Comments: This is Pixar Animation Studios’ second of three sequels scheduled for release between 2010-2013 (Toy Story 3, Monsters University). Many people say that Cars is the “Black Sheep” among Pixar films as it is the lowest rated (but still good), but with this sequel they’ll have a chance to prove them wrong. I’m not that excited though. I, too, think that it’s one of the least interesting films of the studio.

ANTICIPATION LEVEL: 6/10

———

7.) BAD TEACHER

Bad Teacher

A comedy centered around a foul-mouthed, junior high teacher who, after being dumped by her sugar daddy, begins to woo a colleague — a move that pits her against a well-loved teacher.

Director: Jake Kasdan

Starring: Cameron Diaz (Knight and Day), Justin Timberlake (The Social Network), Jason Segel (How I Met Your Mother)

Comments: Ex-couple Cameron Diaz and Justin Timberlake teams up once again in this movie. I like the two, especially JT, who has proven every single time that he’s got what it takes to be an actor. Hhe deserved an Oscar nomination for his performance in The Social Network! Plus, if you add How I Met Your Mother’s Jason Segel, you’ll have a recipe for success!

ANTICIPATION LEVEL: 7/10

————

Yep, that’s it. Only 7 movies out this June so I guess you won’t have a hard time figuring out what you’re gonna watch. Hope this article helps you out!

POLL TIME! Once again, choose THREE films you’re can’t wait to see within the next few weeks. If you have time, comment on my work please! Thank you for reading my blog!
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Post by Admin on Mon May 23, 2011 5:20 pm

http://nymag.com/daily/entertainment/2011/05/summer_movies_sequels_hangover.html

The New Summer Blockbuster Economy: Reboots, Prequels, and the End of the Superstar Cash Grab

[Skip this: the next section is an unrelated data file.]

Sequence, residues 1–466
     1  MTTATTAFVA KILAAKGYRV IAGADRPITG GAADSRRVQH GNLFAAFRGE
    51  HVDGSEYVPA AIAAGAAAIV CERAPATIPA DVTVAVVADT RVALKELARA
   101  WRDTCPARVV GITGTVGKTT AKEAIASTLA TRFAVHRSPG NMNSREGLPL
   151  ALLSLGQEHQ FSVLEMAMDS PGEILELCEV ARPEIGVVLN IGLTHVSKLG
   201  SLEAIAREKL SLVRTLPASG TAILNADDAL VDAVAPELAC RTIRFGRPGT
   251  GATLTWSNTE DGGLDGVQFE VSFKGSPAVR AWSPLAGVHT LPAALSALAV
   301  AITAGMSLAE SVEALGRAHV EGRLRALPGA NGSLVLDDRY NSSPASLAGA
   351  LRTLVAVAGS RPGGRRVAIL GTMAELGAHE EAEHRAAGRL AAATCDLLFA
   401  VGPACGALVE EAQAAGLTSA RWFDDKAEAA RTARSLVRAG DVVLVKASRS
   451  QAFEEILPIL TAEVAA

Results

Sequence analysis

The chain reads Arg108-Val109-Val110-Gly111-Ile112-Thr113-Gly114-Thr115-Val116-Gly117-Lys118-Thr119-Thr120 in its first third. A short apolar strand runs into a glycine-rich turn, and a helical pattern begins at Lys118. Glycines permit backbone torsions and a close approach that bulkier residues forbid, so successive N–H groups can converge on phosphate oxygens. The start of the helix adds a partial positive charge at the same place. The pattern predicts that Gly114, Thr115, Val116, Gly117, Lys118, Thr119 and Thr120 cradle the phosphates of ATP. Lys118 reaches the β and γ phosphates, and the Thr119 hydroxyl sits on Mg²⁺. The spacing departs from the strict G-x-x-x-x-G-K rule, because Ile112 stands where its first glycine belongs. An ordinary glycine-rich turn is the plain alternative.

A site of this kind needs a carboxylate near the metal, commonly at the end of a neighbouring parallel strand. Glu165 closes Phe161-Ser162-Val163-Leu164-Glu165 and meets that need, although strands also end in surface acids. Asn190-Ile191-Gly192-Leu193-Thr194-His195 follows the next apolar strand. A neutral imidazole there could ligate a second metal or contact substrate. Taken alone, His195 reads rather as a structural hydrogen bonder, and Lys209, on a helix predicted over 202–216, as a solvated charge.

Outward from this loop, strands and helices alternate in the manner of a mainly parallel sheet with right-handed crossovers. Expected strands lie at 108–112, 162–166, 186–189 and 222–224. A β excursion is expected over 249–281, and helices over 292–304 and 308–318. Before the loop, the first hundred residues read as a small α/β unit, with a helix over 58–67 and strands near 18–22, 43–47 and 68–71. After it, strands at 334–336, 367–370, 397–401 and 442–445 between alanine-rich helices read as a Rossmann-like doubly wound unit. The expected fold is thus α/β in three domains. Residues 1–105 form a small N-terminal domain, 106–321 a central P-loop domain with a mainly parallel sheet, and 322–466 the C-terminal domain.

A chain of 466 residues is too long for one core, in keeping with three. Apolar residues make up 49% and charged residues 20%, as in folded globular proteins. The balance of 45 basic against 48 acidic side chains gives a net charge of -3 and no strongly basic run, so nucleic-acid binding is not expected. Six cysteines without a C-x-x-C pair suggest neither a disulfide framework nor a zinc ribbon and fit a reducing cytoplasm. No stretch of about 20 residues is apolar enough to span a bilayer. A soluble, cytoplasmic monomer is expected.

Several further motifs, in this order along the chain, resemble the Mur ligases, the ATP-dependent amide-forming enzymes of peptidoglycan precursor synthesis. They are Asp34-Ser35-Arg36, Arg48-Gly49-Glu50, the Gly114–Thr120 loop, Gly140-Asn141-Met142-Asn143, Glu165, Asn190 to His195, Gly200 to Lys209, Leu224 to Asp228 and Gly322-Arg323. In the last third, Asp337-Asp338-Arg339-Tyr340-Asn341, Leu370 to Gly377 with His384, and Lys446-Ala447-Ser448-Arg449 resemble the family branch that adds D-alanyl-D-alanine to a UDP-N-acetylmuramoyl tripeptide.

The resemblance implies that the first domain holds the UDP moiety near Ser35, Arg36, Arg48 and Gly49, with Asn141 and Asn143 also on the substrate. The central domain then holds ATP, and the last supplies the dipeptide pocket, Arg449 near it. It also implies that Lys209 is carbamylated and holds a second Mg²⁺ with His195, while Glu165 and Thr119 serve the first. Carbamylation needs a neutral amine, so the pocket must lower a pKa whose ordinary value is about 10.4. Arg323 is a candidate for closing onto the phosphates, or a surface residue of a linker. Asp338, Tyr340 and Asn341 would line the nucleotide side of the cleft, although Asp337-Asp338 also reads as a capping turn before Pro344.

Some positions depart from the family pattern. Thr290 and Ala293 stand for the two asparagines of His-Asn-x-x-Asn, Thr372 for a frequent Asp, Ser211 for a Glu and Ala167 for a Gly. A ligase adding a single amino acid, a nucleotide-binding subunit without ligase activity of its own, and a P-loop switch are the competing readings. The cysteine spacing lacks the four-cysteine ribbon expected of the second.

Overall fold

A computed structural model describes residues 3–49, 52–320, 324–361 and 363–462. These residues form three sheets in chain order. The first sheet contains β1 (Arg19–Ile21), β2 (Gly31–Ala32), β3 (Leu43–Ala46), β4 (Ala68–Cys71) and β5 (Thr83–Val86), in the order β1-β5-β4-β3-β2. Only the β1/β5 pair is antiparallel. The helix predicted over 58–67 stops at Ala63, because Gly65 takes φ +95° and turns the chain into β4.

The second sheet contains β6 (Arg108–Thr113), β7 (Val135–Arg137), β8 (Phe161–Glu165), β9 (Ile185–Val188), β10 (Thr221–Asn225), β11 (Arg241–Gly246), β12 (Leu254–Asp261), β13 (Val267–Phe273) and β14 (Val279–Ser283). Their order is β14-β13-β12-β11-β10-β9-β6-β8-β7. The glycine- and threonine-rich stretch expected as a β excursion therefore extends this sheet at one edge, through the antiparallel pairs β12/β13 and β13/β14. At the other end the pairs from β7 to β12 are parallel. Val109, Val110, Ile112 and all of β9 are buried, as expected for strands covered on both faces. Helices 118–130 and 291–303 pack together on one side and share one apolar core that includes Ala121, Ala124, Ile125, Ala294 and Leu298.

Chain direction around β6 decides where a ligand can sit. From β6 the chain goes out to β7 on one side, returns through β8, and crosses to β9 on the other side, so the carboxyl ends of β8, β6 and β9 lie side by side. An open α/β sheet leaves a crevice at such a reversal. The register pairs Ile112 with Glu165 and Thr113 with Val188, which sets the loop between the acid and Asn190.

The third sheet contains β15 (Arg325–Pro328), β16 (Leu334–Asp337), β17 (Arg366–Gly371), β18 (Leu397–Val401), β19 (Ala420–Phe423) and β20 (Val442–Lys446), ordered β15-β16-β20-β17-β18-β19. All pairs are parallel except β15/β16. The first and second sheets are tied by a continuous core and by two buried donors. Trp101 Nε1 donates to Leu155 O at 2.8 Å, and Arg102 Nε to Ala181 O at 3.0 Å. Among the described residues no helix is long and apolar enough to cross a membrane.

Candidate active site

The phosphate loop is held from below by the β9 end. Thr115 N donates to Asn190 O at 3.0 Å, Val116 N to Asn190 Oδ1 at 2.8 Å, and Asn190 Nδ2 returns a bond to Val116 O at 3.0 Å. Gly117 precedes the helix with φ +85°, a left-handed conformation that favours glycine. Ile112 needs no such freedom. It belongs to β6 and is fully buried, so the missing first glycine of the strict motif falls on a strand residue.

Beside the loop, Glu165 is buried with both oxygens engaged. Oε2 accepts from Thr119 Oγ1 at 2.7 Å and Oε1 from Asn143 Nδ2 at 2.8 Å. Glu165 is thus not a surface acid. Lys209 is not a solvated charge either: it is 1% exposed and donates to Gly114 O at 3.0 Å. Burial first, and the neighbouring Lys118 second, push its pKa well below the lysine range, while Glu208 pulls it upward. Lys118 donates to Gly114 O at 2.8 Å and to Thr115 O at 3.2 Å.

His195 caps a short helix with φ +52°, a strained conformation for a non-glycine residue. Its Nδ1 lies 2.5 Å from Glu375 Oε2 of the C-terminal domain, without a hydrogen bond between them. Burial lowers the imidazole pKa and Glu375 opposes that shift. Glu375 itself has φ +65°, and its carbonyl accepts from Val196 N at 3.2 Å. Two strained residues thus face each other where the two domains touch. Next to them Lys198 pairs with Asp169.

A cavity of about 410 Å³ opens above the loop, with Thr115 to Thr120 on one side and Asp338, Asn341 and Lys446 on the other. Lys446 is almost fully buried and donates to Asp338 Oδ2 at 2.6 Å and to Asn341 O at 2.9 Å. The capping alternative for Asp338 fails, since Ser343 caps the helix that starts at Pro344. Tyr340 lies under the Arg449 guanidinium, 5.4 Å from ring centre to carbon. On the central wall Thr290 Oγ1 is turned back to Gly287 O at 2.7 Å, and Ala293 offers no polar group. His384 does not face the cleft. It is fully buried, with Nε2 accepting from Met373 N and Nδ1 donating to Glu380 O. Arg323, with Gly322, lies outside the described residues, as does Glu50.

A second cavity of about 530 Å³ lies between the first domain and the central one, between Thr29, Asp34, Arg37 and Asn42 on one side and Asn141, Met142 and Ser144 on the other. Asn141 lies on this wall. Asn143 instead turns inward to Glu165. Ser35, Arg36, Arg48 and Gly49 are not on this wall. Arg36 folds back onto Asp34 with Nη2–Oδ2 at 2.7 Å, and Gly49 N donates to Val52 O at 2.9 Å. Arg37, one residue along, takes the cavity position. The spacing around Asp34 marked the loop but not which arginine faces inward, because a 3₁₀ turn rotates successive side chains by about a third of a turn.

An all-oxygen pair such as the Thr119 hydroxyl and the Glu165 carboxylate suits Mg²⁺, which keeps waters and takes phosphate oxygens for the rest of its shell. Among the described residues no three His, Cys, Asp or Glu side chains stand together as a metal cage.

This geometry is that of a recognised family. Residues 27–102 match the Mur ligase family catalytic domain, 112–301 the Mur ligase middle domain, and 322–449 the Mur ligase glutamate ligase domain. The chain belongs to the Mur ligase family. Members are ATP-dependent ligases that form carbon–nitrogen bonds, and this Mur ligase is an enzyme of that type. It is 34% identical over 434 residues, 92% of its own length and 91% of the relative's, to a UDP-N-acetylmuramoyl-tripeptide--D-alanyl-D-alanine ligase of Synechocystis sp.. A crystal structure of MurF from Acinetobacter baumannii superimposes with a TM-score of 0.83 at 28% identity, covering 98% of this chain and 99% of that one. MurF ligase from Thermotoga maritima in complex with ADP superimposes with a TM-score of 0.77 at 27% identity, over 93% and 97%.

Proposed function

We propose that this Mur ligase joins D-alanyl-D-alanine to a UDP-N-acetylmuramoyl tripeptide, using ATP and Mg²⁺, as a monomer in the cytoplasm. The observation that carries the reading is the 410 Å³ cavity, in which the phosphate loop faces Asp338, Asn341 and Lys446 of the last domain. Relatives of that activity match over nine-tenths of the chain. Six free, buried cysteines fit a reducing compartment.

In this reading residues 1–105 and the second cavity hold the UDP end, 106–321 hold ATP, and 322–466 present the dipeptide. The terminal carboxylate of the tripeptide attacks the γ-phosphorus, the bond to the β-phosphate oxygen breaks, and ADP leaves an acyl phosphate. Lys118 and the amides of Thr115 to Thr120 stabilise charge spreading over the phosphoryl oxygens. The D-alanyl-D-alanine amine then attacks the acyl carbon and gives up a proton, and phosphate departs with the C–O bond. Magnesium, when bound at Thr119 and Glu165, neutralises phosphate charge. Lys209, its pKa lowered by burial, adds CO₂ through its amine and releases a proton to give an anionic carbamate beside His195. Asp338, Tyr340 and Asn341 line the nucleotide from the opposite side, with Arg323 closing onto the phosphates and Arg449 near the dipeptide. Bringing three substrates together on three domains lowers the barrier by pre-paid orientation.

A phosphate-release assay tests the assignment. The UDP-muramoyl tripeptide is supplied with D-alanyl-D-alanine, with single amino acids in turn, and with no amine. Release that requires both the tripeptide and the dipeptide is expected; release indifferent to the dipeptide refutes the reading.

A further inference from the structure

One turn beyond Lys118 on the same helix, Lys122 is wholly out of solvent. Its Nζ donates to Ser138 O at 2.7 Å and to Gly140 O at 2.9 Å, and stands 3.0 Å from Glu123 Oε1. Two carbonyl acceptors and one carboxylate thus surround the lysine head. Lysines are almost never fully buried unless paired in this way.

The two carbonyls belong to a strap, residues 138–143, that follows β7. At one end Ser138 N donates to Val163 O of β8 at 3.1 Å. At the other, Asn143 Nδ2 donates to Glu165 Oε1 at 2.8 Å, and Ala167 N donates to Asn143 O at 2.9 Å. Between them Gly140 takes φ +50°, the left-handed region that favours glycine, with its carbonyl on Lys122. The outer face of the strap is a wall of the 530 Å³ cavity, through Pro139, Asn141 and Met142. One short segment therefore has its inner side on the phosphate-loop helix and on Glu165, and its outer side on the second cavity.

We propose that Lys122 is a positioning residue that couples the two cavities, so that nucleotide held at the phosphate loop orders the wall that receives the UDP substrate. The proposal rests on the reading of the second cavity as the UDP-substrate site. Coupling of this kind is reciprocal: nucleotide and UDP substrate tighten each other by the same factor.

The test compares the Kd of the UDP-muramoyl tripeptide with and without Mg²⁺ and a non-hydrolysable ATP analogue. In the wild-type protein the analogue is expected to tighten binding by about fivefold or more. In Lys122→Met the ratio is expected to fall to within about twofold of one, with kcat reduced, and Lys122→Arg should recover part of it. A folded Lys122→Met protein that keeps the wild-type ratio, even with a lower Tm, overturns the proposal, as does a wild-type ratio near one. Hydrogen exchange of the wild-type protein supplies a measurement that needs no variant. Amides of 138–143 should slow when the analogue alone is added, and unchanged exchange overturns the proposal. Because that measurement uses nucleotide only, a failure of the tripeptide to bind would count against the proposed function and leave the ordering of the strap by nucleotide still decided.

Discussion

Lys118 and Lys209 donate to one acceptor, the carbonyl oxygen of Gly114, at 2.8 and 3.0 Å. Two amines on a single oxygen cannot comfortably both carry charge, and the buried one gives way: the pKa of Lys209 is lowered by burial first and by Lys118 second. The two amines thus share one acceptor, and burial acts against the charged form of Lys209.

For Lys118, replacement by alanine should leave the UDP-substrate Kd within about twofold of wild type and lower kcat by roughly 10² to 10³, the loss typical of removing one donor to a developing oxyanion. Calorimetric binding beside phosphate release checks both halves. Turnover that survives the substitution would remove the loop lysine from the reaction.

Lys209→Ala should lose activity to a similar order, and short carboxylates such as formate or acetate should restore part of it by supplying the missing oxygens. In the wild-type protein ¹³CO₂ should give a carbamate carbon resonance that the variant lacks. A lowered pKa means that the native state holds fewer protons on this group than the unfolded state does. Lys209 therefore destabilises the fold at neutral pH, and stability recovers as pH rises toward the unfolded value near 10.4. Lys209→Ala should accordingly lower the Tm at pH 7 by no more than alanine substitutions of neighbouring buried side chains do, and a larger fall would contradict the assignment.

5/22/11 at 9:50 PM

The X-Men: First Class cast, with not a big-payday star to be found

This summer, nine sequels will open over twelve weekends, including a second Hangover, a third Transformers, a fourth Pirates of the Caribbean, an eighth Harry Potter, and so on. That's a new record for summer franchise domination.* However, there's something very different about this banner year: Only one of these follow-ups — Johnny Depp's Pirates — features a real live, major movie star. A-listers have been losing leverage over the years, but nowhere is this becoming more clear than in the world of sequels. Familiar titles are more important than ever to studios, but they've decided that they can do them without being weighed down by enormous, gross-gobbling paychecks and profit-participation deals. "In the eighties and early nineties, the movie star was the brand," explains Simon Kinberg, producer of X-Men: First Class. "Then in the nineties, visual effects became the brand. Now, the brand is the brand."

The Rise and Fall of the Megastar Megadeal

Back in the eighties and nineties, the glory days of the action star, if an actor could lock onto a franchise, it could subsidize his family tree for generations. Mel had his Lethal Weapon, Stallone had Rocky and Rambo, and Harrison Ford had three annuities: Star Wars, Indiana Jones, and Jack Ryan. Audiences knew what these stars stood for, and studio executives knew their deals painfully well: high salaries and profit participation that got them paid before the studio got paid, and often earned them more than the studio would make on an entire film.